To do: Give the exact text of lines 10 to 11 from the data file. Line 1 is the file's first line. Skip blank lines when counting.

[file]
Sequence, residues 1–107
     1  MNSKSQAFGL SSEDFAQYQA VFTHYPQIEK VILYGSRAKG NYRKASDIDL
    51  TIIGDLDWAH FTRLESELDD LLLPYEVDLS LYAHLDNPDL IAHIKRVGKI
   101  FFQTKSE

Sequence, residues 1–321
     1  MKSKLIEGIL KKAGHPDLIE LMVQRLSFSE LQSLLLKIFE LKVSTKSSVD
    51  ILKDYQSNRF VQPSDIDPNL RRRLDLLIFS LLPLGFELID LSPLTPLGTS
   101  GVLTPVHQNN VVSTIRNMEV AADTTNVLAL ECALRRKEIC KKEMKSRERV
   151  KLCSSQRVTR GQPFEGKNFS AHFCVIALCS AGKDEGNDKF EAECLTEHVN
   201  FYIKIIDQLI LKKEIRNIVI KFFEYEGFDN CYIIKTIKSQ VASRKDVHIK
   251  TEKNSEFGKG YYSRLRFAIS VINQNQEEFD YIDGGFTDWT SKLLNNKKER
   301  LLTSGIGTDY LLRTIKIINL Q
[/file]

   201  FYIKIIDQLI LKKEIRNIVI KFFEYEGFDN CYIIKTIKSQ VASRKDVHIK
   251  TEKNSEFGKG YYSRLRFAIS VINQNQEEFD YIDGGFTDWT SKLLNNKKER